As for kit stock, how will the shop ever understand potential volume demand when the away top was out of stock for months?
They probably assume the tops sold once back in stock (December) is the actual demand - honestly, that would not surprise me.
Why do we get the stock of kits so wrong each season? Last year the season started and you couldn't even buy the away shirt. Then for months throughout the season they is not stock in the size I want Small.

Also it's probaly not your decision but can we have a none betting shirt SPONSOR? Additionally are we looking to change kit supplier as Errera is the worst quality we've ever had. Would like a durable kit I can put in the washing machine.

Can the club work with fashion designers to create an actual fashion range people would like to buy.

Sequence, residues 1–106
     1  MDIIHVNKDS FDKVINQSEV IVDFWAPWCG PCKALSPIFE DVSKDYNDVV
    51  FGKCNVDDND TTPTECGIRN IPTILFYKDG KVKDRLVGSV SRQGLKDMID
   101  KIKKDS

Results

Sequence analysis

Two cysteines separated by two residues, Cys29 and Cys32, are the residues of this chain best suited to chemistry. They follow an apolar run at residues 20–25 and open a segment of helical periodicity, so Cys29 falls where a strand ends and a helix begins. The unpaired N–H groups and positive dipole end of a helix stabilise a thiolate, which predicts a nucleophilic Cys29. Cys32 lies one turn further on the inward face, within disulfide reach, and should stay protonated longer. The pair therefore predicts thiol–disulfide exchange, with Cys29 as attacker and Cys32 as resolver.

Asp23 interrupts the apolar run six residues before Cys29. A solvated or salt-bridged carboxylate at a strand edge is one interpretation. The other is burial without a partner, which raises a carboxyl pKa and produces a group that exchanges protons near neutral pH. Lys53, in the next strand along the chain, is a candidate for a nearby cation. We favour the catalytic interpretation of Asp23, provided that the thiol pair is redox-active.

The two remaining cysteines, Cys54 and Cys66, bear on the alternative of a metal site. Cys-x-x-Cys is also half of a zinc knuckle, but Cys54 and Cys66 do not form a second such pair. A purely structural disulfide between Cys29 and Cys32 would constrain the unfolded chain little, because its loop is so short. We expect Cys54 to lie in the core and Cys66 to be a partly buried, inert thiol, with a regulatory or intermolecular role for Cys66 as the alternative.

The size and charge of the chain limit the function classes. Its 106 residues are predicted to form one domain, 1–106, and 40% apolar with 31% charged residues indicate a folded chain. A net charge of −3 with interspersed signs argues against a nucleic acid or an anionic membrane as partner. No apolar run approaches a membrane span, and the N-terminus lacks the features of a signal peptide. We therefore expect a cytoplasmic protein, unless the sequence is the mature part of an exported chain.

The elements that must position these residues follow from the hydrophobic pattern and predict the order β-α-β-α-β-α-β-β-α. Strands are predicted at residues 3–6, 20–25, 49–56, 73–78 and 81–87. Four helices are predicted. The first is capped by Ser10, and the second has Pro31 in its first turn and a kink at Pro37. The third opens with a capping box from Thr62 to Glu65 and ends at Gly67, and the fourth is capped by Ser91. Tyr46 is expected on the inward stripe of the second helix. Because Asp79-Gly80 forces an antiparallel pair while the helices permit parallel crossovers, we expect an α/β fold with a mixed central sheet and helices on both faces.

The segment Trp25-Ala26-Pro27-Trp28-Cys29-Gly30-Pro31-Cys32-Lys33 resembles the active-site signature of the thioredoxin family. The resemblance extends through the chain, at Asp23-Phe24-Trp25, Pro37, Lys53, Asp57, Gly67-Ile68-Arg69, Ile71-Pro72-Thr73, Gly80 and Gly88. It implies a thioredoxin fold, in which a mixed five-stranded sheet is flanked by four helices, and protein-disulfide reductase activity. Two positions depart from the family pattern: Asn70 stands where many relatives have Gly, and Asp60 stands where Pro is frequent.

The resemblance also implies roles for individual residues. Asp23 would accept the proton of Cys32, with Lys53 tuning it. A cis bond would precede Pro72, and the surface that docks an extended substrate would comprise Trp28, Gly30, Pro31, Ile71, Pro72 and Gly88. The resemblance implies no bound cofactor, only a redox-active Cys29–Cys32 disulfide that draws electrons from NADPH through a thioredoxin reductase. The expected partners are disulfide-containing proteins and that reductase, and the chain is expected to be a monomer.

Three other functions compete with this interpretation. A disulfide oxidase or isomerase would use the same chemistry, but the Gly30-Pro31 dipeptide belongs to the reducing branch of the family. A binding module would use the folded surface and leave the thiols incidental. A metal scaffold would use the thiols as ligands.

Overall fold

Leeds/Bradford has a dirty shop full of merch, Teesside Airport could follow suit.

The Club wonders why people go down the dodgy shirt route as the prices are more realistic there.
Stock is consistently a massive issue. Customers should be able to get the shirt they want in-store throughout the season, or wait no more than 10 days for anything. Replica kits are an important (and exclusive, because we don’t sell our kits in regular sports shops) revenue stream for the club which is not being maximised.

My question is: what’s the reason for shirts being out of stock and what’s being done to improve it? Say the club runs out of away kits in small and medium, how long is the run time between an order to the manufacturer and delivery? Is there perhaps a minimum order amount which the club is reluctant to make, or does the manufacturer take a long time to complete orders? If so, can you give us some perspective on why the club went with this manufacturer? In simple terms a lot of us struggle to understand why, if you’re running low, you don’t order more and have them back in stock before they run out - seems like a very basic element of retail, Tesco seem to manage it with milk.
My question is... How can it cost so much to stick a Boro badge on a coat? The price is nearly double.